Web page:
point t0 in (a, b).

22. y1 (t) and y2 (t) achieve a local extremum at the same point t0 in (a, b).

The discussion in Section 3.2 established the solution structure for second

order linear homogeneous differential equations. We saw that to obtain the

general solution, we need to ﬁnd a fundamental set of solutions—that is, a

pair of solutions whose Wronskian is nonzero on the t-interval of interest. This

section, along with Sections 3.4 and 3.5, shows how to ﬁnd a fundamental set

of solutions for the important special case of a constant coefﬁcient equation,

ay + by + cy = 0. (1)

discussing equation (1), we can assume the t-interval of interest is −∞ < t < ∞

or any subinterval of (−∞, ∞), since the coefﬁcient functions are constant and

hence continuous everywhere.

Coefﬁcient Equations

We look for solutions of the form y(t) = eλt , where λ is a constant to be de-

termined. The motivation for assuming this form for a solution comes from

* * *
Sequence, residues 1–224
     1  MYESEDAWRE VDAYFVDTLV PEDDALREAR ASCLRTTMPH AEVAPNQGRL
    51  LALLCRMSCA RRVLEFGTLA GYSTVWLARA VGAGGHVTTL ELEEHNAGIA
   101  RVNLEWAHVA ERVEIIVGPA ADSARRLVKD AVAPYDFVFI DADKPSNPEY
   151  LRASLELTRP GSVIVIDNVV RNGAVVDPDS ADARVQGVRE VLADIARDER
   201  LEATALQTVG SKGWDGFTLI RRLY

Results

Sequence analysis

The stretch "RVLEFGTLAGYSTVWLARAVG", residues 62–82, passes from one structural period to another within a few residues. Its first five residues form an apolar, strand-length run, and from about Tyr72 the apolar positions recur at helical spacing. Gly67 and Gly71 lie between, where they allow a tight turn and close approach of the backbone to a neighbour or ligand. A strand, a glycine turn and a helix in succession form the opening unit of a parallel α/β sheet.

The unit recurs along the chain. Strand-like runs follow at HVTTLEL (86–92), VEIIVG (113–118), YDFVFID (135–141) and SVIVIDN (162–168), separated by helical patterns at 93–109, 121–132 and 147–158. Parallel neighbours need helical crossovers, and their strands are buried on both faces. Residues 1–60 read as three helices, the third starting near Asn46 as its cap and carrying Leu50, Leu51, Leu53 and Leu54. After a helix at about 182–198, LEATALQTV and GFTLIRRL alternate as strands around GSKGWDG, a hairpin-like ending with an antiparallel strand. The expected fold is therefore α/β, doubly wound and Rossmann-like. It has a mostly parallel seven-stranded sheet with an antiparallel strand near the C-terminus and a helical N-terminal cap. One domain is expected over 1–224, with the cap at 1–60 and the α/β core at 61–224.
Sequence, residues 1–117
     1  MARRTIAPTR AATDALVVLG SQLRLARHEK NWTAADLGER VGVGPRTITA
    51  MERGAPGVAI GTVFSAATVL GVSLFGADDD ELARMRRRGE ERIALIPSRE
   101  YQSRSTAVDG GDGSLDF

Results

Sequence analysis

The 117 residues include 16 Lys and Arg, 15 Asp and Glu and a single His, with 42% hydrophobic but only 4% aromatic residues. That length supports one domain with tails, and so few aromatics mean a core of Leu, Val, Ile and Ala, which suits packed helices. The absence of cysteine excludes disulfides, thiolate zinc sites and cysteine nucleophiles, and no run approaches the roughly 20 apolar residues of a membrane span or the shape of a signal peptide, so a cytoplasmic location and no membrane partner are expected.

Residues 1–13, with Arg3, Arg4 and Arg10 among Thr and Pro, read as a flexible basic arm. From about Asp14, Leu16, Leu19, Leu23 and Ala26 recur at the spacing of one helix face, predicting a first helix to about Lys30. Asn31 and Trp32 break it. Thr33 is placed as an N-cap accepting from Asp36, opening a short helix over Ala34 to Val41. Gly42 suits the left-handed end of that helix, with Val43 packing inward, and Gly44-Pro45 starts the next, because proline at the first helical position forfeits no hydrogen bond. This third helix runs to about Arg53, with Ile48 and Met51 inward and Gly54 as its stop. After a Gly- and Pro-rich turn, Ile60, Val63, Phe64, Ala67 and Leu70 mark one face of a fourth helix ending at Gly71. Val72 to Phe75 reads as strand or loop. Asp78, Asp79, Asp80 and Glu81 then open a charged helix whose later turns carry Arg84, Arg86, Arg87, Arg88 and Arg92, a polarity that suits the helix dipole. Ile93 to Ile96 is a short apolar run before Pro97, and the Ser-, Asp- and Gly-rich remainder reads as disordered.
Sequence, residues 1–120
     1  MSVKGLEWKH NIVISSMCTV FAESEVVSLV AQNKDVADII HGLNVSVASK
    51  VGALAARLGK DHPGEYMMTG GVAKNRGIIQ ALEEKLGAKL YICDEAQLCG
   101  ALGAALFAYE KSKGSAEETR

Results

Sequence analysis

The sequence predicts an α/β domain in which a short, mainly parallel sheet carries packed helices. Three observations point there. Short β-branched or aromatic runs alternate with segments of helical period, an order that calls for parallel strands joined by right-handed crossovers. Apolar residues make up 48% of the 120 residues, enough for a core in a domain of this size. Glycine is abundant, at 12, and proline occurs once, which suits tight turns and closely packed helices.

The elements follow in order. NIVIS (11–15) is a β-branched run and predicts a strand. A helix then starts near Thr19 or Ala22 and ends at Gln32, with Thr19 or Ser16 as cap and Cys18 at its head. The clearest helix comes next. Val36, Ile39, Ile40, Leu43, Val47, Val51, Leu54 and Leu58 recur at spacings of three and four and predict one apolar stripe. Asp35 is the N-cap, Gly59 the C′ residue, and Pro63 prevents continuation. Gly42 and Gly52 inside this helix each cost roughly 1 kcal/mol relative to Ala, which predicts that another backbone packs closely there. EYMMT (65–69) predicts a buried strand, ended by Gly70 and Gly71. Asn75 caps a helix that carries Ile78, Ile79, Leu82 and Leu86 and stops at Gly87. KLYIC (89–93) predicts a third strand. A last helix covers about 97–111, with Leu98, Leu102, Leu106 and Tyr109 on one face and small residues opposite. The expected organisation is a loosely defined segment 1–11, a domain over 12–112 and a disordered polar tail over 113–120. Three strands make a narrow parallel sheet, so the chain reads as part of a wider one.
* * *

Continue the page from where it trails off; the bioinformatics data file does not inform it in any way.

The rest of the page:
observing how the function eλt behaves under repeated differentiation:

d λt d2

e = λeλt and eλt = λ2 eλt .

dt dt2

Each differentiation of eλt simply multiplies eλt by a power of the constant, λ.

Substituting y(t) = eλt into differential equation (1) leads to

ay + by + cy = aλ2 eλt + bλeλt + ceλt = eλt (aλ2 + bλ + c) = 0. (2)

Equation (2) must hold for all t in the interval of interest. Since the factor eλt is

never zero, equation (2) is valid only if λ is a root of the polynomial equation

aλ2 + bλ + c = 0. (3)

122 CHAPTER 3 Second and Higher Order Linear Differential Equations

ay + by + cy = 0, and the polynomial P(λ) = aλ2 + bλ + c is called the char-

acteristic polynomial. The roots of the characteristic equation are exactly

those values λ for which y(t) = eλt is a solution of the differential equation

ay + by + cy = 0.

E X A M P L E

Consider the homogeneous linear differential equation

1

y + 8y + 15y = 0.

(a) Find all values λ such that y(t) = eλt is a solution of the differential equation.

(b) Do the functions found in part (a) form a fundamental set of solutions for

the differential equation? If so, what is the general solution of the differen-

tial equation?

Solution:

(a) The characteristic polynomial for y + 8y + 15y = 0 is

P(λ) = λ2 + 8λ + 15 = (λ + 5)(λ + 3).

The roots of the characteristic equation are λ1 = −5 and λ2 = −3. Thus, the